Sep 20, 2014
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Farm Talk on the Front Porch

RSS By: Grinnell Mutual,

You face risks as you cultivate crops and raise livestock. We’ll share tips, stories and recommendations to help you protect property and prevent costly losses on the farm. It's our Policy of Working Together®.

Six habits to hitch your farm equipment safely every time

Apr 03, 2014

 Many of the 2.2 million farms in the United States are stirring to life, preparing fields for spring planting and transporting livestock. Grinnell Mutual recommends taking a few extra moments to inspect your farm equipment and properly hitch it to your farm vehicles.

1. Inspect the equipment.

"Rust seems to be the biggest issue because the equipment often sits outside," said Grinnell Mutual Farm Claims Manager Vicky Hartgers. "Inspect the areas where you see rust because the hookup may break in half or pull apart."

2. Put it in park.

Put your tractor in park before you hook up equipment or make adjustments. This secures the tractor on both hills and flat ground. In wet or muddy conditions, it prevents drivers from accidentally putting the tractor in gear if they slip or catch clothes on a knob or lever. 

hitch3. Use the right hitch pin.

Don’t use just any bolt found on your farm or in a drawer to hitch your equipment. Hitch pins are designed to fit the hitch-pin hole without excessive movement. In addition, they are designed for tractor power ratings and loads.   

4. Hitch to the drawbar only.

The tractor drawbar is the only safe place to connect a load. Do not hitch higher than the drawbar as this may affect tractor stability. Improperly hitching higher than the drawbar may cause rear overturn where the tractor flips backwards. By hitching to the drawbar, you help ensure all pulling forces stay below the tractor’s center of gravity.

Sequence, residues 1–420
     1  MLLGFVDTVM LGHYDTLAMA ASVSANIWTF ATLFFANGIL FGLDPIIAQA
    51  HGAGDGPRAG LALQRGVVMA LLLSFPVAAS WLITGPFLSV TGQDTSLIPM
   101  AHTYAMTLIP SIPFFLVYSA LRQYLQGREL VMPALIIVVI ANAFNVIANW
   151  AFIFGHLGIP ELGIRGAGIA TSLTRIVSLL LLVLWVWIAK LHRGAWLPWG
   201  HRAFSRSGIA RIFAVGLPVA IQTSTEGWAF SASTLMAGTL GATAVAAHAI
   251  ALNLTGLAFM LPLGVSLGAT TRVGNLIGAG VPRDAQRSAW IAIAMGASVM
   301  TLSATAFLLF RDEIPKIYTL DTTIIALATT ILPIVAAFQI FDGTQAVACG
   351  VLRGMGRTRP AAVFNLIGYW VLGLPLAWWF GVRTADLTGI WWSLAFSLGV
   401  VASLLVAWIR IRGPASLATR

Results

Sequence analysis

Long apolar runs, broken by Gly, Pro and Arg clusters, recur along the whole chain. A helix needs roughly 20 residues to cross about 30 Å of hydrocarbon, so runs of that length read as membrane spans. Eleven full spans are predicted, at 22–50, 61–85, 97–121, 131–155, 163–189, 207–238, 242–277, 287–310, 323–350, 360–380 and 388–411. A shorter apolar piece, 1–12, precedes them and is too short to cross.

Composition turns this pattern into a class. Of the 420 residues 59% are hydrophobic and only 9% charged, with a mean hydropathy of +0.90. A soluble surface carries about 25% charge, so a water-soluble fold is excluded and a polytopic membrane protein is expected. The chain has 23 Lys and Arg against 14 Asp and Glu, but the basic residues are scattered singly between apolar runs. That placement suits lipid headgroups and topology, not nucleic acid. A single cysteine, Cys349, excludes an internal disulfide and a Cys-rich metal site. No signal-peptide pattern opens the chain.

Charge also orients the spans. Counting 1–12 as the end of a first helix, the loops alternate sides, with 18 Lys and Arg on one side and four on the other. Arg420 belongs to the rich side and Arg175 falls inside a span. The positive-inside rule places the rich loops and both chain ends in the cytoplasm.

The National Safe Tractor and Machinery Operation Program recommends that the drawbar be placed midpoint between the rear tires to maximize pulling power. Hillside operations may require a drawbar adjustment to one side to balance the pulling forces.

5. Use safety clips and safety chains.

"The hitch pin has a safety clip on the bottom for a reason," said Hartgers. "Equipment comes unhooked. Sometimes pins come out when they’re going down the roadway. How heavy you are, the incline, the speed you’re going—it makes a big difference."

Many manufacturers require safety chains be used to keep a load tethered.

"In case the hitch pin breaks or comes out, the safety chain will keep the load attached," said Hartgers. "Farmers have a tendency not to use those, but they’re there for a reason."

6. Unhitch the equipment.

Inspecting equipment and proper hitching may help prevent an accident on your farm this spring. When you complete the farm job, unhitch the farm equipment, said Hartgers.

"A big, long auger is susceptible to high winds. If it’s hooked to the tractor during a windstorm, it could flip them both."

To learn more about farm safety and other safety related information visit Preventing Losses on

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